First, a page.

On Father's Day, I visited with Norman Ives, joining eight family members at his bedside in Allegany County. After a wonderful lifetime spent working with and protecting animals, Ives now finds himself suddenly confined to a Wellsville nursing home. This was our first meeting and before five minutes were up, I wished I had known him for all of his 84 years. He is a wonderful storyteller.
Ives was born in Wellsville. His mother died when he was very young and he was brought up by an aunt and uncle in the nearby village of Alma. After serving in the army during World War II, he returned to spend the rest of his life in Wellsville.
At the outset, Ives told me that he is known locally as the snake man. Many people would consider that a libel.
Not Ives. Snakes are his favorite animals.
When he entered this facility, he had to give a Pennsylvania friend all the snakes in his current collection.
"I'll tell you about one of them," he began, his eyes tearing. "Twenty-nine years ago, I found a hollowed-out cavity in some soft earth made by a female black rat snake. In it were 16 eggs. But by the next day, a bulldozer had crushed the nest. All but one of those eggs were broken. I took that egg home, created a sawdust nest for it in an aquarium and watched it for weeks.
"Day after day, nothing happened," Ives continued, "But just as I was ready to throw it out, a tiny 6-inch snake emerged. Adult black rat snakes are very dark with scarcely any patterning, but the young snake was almost as boldly marked as a milk snake. It was a beautiful little reptile.
"I tried to pick it up, but this frightened the tiny snake and it tried to bite me. As it grew, however, I fed it and it soon came to know me and be happy to be handled. That snake is still alive and I certainly hated to give it up."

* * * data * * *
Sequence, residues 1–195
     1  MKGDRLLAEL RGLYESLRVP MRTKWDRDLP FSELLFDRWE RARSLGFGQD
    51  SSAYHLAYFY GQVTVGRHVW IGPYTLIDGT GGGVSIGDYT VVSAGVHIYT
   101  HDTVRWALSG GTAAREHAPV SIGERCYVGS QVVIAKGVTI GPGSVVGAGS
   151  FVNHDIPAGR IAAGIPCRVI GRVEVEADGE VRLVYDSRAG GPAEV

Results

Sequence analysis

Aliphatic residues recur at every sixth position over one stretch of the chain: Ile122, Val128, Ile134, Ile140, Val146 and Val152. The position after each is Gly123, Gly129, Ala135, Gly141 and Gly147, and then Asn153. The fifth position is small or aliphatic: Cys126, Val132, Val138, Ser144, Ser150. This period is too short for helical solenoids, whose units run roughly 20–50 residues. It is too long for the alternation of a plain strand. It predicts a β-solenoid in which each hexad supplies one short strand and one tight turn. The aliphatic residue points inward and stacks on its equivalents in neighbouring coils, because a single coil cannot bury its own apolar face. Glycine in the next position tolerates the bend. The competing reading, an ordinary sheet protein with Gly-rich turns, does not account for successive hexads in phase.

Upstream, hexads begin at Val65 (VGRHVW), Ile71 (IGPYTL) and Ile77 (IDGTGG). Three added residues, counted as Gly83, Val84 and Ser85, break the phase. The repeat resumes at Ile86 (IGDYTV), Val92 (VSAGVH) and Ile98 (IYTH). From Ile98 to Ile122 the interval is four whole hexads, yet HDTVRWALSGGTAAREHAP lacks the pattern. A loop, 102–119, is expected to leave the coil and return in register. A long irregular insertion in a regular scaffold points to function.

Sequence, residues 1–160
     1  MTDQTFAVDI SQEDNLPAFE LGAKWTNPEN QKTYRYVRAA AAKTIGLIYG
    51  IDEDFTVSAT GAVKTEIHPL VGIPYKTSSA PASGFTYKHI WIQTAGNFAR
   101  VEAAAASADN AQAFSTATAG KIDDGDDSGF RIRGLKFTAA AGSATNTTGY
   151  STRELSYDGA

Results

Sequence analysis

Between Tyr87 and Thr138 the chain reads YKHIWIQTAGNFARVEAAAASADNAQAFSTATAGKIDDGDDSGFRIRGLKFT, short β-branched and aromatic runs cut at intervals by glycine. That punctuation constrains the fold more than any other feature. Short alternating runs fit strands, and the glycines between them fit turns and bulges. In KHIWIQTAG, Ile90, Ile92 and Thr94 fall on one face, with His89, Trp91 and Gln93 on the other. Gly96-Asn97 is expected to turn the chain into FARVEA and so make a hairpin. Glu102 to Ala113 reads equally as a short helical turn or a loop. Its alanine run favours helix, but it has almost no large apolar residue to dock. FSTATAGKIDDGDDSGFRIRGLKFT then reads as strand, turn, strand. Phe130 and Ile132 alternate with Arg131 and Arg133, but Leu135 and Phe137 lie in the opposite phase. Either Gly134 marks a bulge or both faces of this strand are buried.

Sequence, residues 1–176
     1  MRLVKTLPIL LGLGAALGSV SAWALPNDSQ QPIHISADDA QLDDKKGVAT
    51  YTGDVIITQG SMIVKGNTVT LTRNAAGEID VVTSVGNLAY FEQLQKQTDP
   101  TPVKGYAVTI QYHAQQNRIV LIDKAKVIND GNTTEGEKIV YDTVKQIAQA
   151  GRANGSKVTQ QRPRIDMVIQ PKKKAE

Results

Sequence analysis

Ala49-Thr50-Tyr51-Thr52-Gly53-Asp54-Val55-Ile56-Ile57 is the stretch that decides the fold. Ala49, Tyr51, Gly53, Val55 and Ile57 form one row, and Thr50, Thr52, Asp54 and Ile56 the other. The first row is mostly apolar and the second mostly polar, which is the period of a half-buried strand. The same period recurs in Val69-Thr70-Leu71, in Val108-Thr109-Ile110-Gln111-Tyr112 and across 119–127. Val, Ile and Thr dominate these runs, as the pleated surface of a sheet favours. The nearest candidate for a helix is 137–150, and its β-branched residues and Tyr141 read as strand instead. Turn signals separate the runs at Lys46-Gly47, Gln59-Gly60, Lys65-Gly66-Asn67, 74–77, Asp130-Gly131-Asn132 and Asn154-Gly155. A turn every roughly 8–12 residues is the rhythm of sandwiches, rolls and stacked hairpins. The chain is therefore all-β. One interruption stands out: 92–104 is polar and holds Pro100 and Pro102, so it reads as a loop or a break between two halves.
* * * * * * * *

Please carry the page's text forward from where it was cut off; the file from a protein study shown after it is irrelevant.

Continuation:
At prodding from his family, Ives told us about the boa constrictor he had at one time. He kept it in a room that became quite cold in winter. Afraid that the snake would need more warmth, he took it to bed with him. The snake didn't approve of this arrangement and crawled back into its own nest. "It found," Ives said, "that I was too warm."
Ives also told me about Pennsylvania rattlesnake hunts in which he participated. Unlike those Texas hunts in which hundreds of snakes are killed, these are carefully controlled. The snakes must be carefully captured alive, measured and marked so that records may be kept of their distribution. Then after the contest, the snakes are returned to where they were found.
Over the years, Ives has displayed his snakes at hundreds of natural history meetings. He has also served as an animal rehabilitator and an SPCA investigator. Ives disapproves of hunting and, although I disagree with him, I certainly admire his moxie. He doesn't live in a city or suburb where it is easy to be an animal rights advocate; he lives in a rural community where hunting is an almost universally accepted practice.
But that is his way. He stands up for his rights. His family told how he and four other senior citizens were arrested at a "Bump the Dump" rally against local disposal of nuclear material. As they were being marched off to jail, Ives noticed one of the local deputy sheriffs beating a horse and in his SPCA role arrested him. This created a standoff and he and his colleagues were freed.
At one time, Ives had two red-tailed hawks. The band from one was later picked up south of Mobile, Ala.
And one winter, a cross-country skier told Ives about hearing noises coming from under a brush pile. When he investigated, he found a pair of newborn bear cubs playing next to their hibernating mother. But when Ives crawled in to take photos, the mother bear awoke and cuffed Ives who beat a hasty retreat.
No wonder that nursing home room overflowed with affection for this interesting and deeply committed man.